And he had a little small bull-pup, that to look at him you’d think he warn’t worth a cent but to set around and look ornery and lay for a chance to steal something. But as soon as money was up on him he was a different dog; his under-jaw’d begin to stick out like the fo’-castle of a steamboat, and his teeth would uncover and shine like the furnaces. And a dog might tackle him and bully-rag him, and bite him, and throw him over his shoulder two or three times, and Andrew Jackson–which was the name of the pup–Andrew Jackson would never let on but what he was satisfied, and hadn’t expected nothing else–and the bets being doubled and doubled on the other side all the time, till the money was all up; and then all of a sudden he would grab that other dog jest by the j’int of his hind leg and freeze to it–not chaw, you understand, but only just grip and hang on till they throwed up the sponge, if it was a year. Smiley always come out winner on that pup, till he harnessed a dog once that didn’t have no hind legs, because they’d been sawed off in a circular saw, and when the thing had gone along far enough, and the money was all up, and he come to make a snatch for his pet holt, he see in a minute how he’d been imposed on, and how the other dog had him in the door, so to speak, and he ‘peared surprised, and then he looked sorter discouraged-like, and didn’t try no more to win the fight, and so he got shucked out bad. He gave Smiley a look, as much as to say his heart was broke, and it was his fault, for putting up a dog that hadn’t no hind legs for him to take holt of, which was his main dependence in a fight, and then he limped off a piece and laid down and died. It was a good pup, was that Andrew Jackson, and would have made a name for hisself if he’d lived, for the stuff was in him and he had genius–I know it, because he hadn’t no opportunities to speak of, and it don’t stand to reason that a dog could make such a fight as he could under them circumstances if he hadn’t no talent. It always makes me feel sorry when I think of that last fight of his’n, and the way it turned out.
Well, thish-yer Smiley had rat-tarriers, and chicken cocks, and tom-cats and all of them kind of things, till you couldn’t rest, and you couldn’t fetch nothing for him to bet on but he’d match you. He ketched a frog one day, and took him home, and said he cal’lated to educate him; and so he never done nothing for three months but set in his back yard and learn that frog to jump. And you bet you he did learn him, too. He’d give him a little punch behind, and the next minute you’d see that frog whirling in the air like a doughnut–see him turn one summerset, or may be a couple, if he got a good start, and come down flat-footed and all right, like a cat.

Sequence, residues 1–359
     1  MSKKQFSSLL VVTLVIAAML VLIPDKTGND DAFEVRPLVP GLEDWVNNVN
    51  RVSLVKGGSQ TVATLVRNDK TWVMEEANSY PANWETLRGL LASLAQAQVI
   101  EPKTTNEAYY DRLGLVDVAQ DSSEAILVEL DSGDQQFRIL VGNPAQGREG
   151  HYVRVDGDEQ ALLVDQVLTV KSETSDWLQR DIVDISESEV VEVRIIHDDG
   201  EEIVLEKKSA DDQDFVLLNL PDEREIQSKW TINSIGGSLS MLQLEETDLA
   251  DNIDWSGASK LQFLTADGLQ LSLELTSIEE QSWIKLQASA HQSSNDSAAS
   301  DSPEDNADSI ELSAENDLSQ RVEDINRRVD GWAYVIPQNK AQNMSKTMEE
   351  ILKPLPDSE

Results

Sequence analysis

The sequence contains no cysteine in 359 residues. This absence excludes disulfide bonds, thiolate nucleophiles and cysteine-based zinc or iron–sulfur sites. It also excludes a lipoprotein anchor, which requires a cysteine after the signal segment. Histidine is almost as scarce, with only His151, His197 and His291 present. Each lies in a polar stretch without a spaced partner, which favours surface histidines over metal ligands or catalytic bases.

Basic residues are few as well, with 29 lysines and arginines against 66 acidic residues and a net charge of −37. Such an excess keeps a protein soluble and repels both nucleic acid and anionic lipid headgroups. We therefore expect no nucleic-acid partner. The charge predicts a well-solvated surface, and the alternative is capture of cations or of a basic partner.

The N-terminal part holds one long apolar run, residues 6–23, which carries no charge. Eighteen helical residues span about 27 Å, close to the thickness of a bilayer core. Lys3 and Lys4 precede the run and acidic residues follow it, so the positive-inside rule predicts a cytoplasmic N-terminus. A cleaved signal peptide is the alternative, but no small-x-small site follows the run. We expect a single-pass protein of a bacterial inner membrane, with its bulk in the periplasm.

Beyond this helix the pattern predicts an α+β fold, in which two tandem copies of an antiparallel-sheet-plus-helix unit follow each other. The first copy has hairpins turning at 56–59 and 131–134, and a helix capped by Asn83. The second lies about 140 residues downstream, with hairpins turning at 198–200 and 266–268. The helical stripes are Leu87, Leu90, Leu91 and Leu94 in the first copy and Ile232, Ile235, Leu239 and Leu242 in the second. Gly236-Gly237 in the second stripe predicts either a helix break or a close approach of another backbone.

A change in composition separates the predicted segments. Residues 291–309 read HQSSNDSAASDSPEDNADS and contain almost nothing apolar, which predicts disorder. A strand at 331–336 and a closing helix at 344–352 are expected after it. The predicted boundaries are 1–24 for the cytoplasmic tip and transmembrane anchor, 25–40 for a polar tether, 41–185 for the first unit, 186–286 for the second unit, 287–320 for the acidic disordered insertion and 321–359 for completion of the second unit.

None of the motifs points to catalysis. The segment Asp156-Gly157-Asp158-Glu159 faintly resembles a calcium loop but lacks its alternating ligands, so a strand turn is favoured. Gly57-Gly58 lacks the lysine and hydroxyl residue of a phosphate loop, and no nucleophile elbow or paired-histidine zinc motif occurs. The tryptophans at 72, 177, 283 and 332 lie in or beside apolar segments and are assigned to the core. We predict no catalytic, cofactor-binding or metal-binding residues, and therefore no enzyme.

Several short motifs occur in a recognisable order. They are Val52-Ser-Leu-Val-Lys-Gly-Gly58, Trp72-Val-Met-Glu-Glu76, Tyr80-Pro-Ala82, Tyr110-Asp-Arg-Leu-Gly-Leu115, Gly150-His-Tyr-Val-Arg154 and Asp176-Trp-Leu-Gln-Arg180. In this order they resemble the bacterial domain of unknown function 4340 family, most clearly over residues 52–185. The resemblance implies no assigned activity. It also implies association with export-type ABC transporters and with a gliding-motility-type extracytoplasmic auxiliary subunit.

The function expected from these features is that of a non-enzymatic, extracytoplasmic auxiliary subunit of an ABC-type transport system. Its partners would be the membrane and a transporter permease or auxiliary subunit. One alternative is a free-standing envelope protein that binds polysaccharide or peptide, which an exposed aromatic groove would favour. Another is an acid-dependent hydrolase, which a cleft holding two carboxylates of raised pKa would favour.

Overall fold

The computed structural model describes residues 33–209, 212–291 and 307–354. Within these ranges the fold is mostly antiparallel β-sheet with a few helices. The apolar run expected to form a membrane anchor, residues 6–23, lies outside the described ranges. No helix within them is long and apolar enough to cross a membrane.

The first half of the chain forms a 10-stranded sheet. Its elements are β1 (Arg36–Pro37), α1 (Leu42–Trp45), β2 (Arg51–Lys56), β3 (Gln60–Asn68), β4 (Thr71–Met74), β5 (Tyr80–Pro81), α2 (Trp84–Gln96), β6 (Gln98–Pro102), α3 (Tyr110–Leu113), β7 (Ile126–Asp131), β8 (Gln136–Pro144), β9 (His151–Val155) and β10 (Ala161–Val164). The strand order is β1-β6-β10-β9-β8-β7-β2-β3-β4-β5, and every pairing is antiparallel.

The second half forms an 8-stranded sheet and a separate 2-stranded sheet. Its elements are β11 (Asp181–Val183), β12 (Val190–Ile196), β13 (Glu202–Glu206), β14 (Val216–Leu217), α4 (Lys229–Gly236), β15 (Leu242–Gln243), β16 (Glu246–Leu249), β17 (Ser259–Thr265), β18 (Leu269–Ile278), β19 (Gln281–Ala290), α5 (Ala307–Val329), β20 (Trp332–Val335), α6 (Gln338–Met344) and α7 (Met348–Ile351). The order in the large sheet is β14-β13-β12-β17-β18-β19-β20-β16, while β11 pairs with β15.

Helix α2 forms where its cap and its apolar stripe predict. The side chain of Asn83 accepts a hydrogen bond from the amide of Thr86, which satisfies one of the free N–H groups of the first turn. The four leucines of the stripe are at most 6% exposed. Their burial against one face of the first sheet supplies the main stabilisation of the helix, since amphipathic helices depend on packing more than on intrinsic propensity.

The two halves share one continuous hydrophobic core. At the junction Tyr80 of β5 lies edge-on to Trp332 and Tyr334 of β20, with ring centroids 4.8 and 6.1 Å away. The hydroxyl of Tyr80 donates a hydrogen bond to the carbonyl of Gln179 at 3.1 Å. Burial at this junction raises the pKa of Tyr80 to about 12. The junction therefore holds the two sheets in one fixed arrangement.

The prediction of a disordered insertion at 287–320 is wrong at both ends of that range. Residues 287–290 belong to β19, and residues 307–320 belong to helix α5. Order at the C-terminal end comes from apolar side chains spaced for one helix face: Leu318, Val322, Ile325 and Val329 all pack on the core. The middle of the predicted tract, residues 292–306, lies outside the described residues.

He got him up so in the matter of ketching flies, and kep’ him in practice so constant, that he’d nail a fly every time as fur as he could see him. Smiley said all a frog wanted was education, and he could do ‘most anything–and I believe him. Why, I’ve seen him set Dan’l Webster down here on this floor–Dan’l Webster was the name of the frog–and sing out, “Flies, Dan’l, flies!” and quicker’n you could wink he’d spring straight up and snake a fly off’n the counter there, and flop down on the floor ag’in as solid as a gob of mud, and fall to scratching the side of his head with his hind foot as indifferent as if he hadn’t no idea he’d been doin’ any more’n any frog might do. You never see a frog so modest and straightfor’ard as he was, for all he was so gifted. And when it come to fair and square jumping on a dead level, he could get over more ground at one straddle than any animal of his breed you ever see. Jumping on a dead level was his strong suit, you understand; and when it come to that, Smiley would ante up money on him as long as he had a red. Smiley was monstrous proud of his frog, and well he might be, for fellers that had traveled and been everywheres, all said he laid over any frog that ever they see.
Well, Smiley kep’ the beast in a little lattice box, and he used to fetch him downtown sometimes and lay for a bet. One day a feller–a stranger in the camp, he was–come acrost him with his box, and says:
“What might be that you’ve got in the box?”
And Smiley says, sorter indifferent-like, “It might be a parrot, or it might be a canary, maybe, but it ain’t–it’s only just a frog.”
And the feller took it, and looked at it careful, and turned it round this way and that, and says, “H’m–so ’tis. Well, what’s he good for?”
“Well,” Smiley says, easy and careless, “he’s good enough for one thing, I should judge–he can outjump any frog in Calaveras county.”
The feller took the box again, and took another long, particular look, and give it back to Smiley, and says, very deliberate, “Well,” he says, “I don’t see no p’ints about that frog that’s any better’n any other frog.”
“Maybe you don’t,” Smiley says. “Maybe you understand frogs and maybe you don’t understand ’em; maybe you’ve had experience, and maybe you ain’t only a amature, as it were. Anyways, I’ve got my opinion and I’ll risk forty dollars that he can outjump any frog in Calaveras County.”
And the feller studied a minute, and then says, kinder sad like, “Well, I’m only a stranger here, and I ain’t got no frog; but if I had a frog, I’d bet you.”
And then Smiley says, “That’s all right–that’s all right–if you’ll hold my box a minute, I’ll go and get you a frog.” And so the feller took the box, and put up his forty dollars along with Smiley’s, and set down to wait.
So he set there a good while thinking and thinking to his-self, and then he got the frog out and prized his mouth open and took a teaspoon and filled him full of quail shot–filled! him pretty near up to his chin–and set him on the floor. Smiley he went to the swamp and slopped around in the mud for a long time, and finally he ketched a frog, and fetched him in, and give him to this feller, and says: